RELEASE OF THE LOCKERBIE BOMBER &
DEATH OF THE ANGLO-AMERICAN ALLIANCE
By Dr. Michael Rubin
Even though he was sentenced to life in prison, he served just over 11 days for each of the 270 men, women, and children killed on the ill-fated airliner, or in the village below.
Two weeks later, the political storm is worsening.
Documents show that what the British government said was a compassionate release for a cancer-stricken man had more to do with British commercial interests.
The diplomatic fallout will be even greater.
Not only did Libyan celebrations destroy the goodwill which Prime Minister Gordon Brown hoped would jump-start Anglo-Libyan relations, but his clumsy and transparent attempt to substitute an oil contract for justice has shredded the seven-decade U.S.A.-U.K. Special Relationship beyond repair.
The Special Relationship developed in the face of tyranny -- first Nazi, then Soviet -- which led Americans and Brits alike to treasure liberty and freedom and no longer take constitutional democracy for granted.
U.S. and Britain's interests are never identical, but petty politics took a backseat to principle and broader strategic interests.
Debate in Washington, D.C., about how to respond to Iraq's 1990 invasion of Kuwait ended when British Prime Minister Margaret Thatcher telephoned U.S. President George H.W. Bush to tell him that it was no time "to go wobbly."
Sacrificing allies for oil did not cross either leader's mind. In the wake of 9/11, President George W. Bush declared to a Joint Session of Congress, "America has no truer friend than Great Britain."
Alas, today it is clear that Bush was wrong.
The Special Relationship was a compact not between countries, but between generations. As the "Greatest Generation," which liberated Europe retired and began to die, appreciation for Anglo-American solidarity wore away.
The trust upon which the relationship was grounded eroded as British officials -- former Labor Minister Clare Short, for example -- exposed sensitive espionage operations for political gain.
Partnerships take investment. Because public pacifism undercuts British support for its own military, Washington can no longer count on London to pull its own weight.
Iranian President Mahmoud Ahmadinejad's campaign video, replete with captured British soldiers waving the Iranian flag, resonates. Whatever spin British politicians put on their military's "softly-softly" approach in southern Iraq, it was a failure.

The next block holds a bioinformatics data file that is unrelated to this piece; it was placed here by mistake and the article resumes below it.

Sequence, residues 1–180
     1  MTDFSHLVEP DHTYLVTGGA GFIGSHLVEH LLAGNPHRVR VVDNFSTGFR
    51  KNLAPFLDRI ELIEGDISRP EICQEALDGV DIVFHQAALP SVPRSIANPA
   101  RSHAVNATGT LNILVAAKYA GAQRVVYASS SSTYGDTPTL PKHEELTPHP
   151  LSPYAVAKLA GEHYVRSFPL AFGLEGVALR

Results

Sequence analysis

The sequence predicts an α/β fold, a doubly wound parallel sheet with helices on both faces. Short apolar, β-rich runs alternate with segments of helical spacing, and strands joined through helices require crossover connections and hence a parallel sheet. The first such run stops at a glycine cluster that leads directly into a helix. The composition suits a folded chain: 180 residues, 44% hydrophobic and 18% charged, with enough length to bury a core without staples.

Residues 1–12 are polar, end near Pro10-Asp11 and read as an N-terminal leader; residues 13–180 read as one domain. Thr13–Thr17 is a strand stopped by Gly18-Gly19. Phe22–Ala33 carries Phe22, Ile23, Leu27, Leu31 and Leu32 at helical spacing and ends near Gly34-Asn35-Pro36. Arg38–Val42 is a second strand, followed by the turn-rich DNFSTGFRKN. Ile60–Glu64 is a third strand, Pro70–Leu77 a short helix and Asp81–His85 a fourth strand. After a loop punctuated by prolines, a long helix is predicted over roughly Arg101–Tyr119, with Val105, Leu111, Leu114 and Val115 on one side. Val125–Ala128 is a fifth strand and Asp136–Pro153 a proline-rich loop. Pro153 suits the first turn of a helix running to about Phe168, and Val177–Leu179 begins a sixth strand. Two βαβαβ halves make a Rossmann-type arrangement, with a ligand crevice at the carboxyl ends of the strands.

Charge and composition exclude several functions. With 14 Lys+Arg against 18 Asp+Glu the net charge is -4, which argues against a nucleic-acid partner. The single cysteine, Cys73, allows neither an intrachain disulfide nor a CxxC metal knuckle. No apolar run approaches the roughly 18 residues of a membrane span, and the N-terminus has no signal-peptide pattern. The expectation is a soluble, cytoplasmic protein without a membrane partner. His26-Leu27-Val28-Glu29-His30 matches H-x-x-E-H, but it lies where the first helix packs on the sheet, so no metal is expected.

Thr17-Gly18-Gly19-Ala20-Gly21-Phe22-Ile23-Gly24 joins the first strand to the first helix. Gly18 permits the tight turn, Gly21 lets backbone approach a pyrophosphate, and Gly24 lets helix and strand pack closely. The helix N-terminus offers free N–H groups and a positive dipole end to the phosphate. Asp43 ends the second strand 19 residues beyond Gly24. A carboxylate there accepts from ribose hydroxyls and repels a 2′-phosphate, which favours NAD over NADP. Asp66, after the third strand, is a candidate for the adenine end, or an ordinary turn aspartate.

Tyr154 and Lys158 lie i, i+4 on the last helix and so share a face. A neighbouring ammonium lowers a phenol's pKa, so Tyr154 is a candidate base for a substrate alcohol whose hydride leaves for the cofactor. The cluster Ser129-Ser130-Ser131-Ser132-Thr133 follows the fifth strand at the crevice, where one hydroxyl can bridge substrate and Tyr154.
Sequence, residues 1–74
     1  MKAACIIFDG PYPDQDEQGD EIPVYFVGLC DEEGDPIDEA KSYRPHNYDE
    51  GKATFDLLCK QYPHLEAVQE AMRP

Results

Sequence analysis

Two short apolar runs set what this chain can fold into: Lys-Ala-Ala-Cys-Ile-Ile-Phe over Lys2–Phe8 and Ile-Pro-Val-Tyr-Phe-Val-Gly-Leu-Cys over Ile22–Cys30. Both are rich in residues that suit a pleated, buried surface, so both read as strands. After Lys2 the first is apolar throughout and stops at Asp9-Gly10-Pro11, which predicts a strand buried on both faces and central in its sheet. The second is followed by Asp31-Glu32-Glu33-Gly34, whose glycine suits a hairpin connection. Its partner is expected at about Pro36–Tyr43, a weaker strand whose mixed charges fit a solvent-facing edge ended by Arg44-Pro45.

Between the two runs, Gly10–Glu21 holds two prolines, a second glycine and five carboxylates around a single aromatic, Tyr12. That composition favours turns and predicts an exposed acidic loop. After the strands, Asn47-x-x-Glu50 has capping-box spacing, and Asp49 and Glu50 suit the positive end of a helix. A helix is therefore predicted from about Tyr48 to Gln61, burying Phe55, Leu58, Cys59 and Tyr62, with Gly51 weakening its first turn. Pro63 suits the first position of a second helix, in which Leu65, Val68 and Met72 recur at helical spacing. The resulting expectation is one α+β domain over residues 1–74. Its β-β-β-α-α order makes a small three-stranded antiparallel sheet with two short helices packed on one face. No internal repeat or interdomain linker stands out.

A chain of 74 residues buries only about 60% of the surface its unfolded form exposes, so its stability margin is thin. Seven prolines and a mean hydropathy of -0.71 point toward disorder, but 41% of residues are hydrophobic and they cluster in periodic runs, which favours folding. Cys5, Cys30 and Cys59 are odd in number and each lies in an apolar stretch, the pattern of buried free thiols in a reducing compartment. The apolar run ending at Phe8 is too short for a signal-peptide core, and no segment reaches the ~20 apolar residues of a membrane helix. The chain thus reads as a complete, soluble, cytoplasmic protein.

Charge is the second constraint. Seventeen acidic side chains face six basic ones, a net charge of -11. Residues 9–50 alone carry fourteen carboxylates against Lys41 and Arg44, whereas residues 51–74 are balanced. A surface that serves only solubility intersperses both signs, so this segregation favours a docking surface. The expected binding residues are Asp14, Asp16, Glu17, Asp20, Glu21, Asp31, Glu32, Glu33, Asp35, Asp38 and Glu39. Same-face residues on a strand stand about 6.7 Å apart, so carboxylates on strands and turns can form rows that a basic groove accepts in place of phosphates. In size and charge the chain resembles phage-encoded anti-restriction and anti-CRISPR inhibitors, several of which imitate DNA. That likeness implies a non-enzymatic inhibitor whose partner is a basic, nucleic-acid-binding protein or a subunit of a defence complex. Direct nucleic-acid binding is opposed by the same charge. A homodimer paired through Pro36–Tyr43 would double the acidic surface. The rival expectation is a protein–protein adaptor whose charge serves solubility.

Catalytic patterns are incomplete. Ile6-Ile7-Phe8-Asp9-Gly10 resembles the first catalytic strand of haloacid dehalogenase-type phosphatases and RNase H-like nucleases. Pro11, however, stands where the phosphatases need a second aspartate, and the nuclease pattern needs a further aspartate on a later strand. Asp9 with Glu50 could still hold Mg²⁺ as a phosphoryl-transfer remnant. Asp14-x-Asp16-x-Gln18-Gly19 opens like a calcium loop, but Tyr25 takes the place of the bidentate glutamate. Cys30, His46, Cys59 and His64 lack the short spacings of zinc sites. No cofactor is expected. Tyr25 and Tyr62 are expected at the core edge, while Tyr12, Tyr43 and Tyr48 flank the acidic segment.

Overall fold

Accommodating extremists for shortterm gain backfires. It is not the stuff upon which serious alliances are built. As fighting toughens, the Pentagon worries about Britain's commitment in Afghanistan.
Washington is not blameless. President Barack Obama's gifts to British officials -- DVD collections and iPods loaded with his speeches -- lacked tact. His return of a bust of Winston Churchill, loaned to the White House after 9/11, was an unnecessary slap.
The Anglo-American alliance was always made of tough enough stuff to withstand errors of etiquette. Not even the most committed Anglophile, however, can save the alliance when British politicians are willing to subordinate principle to the highest bidder.
Britain -- The United Kingdom of Great Britain & Northern Ireland:
Mother Country & Close Ally of the United States of America
The Anglosphere -- The English-Speaking World:
The U.S.A., Britain, Canada, Australia, & New Zealand
Dr. Michael Rubin, a Ph.D. in History (Yale University, 1999) and a specialist in Middle Eastern politics, Islamic culture and Islamist ideology, is a senior editor of the Middle East Quarterly, a senior lecturer at the Naval Postgraduate School, and a resident scholar at the American Enterprise Institute for Public Policy Research. Dr Rubin is author of Into the Shadows: Radical Vigilantes in Khatami's Iran (Washington Institute for Near East Policy, 2001) and is co-author, with Dr. Patrick Clawson, of Eternal Iran: Continuity and Chaos (Palgrave Macmillan, 2005). Dr. Rubin served as political advisor to the Coalition Provisional Authority in Baghdad (2003-2004); staff advisor on Iran and Iraq in the Office of the U.S. Secretary of Defense (2002-2004); visiting lecturer in the Departments of History and International Relations at Hebrew University of Jerusalem (2001-2002); visiting lecturer at the Universities of Sulaymani, Salahuddin, and Duhok in Iraqi Kurdistan (2000-2001); Soref Fellow at the Washington Institute for Near East Policy (1999-2000); and visiting lecturer in the Department of History at Yale University (1999-2000). He has been a fellow at the Council on Foreign Relations, the Leonard Davis Institute at Hebrew University, and the Carnegie Council on Ethics and International Affairs.
The foregoing article by Dr. Rubin was originally published in the New York Daily News, September 2, 2009, and can be found on the Internet website maintained by the Middle East Forum, a foreign policy think tank which seeks to define and promote American interests in the Middle East, defining U.S. interests to include fighting radical Islam, working for Palestinian Arab acceptance of the State of Israel, improving the management of U.S. efforts to promote constitutional democracy in the Middle East, reducing America's energy dependence on the Middle East, more robustly asserting U.S. interests vis-à-vis Saudi Arabia, and countering the Iranian threat. (Article URL: http://www.meforum.org/article/2456/ british-government-lockerbie-bomber)
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